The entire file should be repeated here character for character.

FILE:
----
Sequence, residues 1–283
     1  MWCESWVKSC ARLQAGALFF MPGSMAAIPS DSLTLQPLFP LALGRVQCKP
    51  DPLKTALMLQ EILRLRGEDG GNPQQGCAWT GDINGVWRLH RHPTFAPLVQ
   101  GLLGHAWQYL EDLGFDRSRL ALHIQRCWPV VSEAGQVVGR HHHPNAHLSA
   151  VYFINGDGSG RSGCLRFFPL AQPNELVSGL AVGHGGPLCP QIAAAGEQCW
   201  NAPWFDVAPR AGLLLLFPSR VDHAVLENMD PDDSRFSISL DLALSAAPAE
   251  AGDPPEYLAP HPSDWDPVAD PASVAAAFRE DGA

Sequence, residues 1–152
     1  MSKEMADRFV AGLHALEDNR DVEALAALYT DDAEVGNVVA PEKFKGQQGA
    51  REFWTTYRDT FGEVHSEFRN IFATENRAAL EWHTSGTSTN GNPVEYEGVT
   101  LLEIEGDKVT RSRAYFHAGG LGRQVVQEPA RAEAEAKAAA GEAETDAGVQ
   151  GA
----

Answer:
Sequence, residues 1–283
     1  MWCESWVKSC ARLQAGALFF MPGSMAAIPS DSLTLQPLFP LALGRVQCKP
    51  DPLKTALMLQ EILRLRGEDG GNPQQGCAWT GDINGVWRLH RHPTFAPLVQ
   101  GLLGHAWQYL EDLGFDRSRL ALHIQRCWPV VSEAGQVVGR HHHPNAHLSA
   151  VYFINGDGSG RSGCLRFFPL AQPNELVSGL AVGHGGPLCP QIAAAGEQCW
   201  NAPWFDVAPR AGLLLLFPSR VDHAVLENMD PDDSRFSISL DLALSAAPAE
   251  AGDPPEYLAP HPSDWDPVAD PASVAAAFRE DGA

Sequence, residues 1–152
     1  MSKEMADRFV AGLHALEDNR DVEALAALYT DDAEVGNVVA PEKFKGQQGA
    51  REFWTTYRDT FGEVHSEFRN IFATENRAAL EWHTSGTSTN GNPVEYEGVT
   101  LLEIEGDKVT RSRAYFHAGG LGRQVVQEPA RAEAEAKAAA GEAETDAGVQ
   151  GA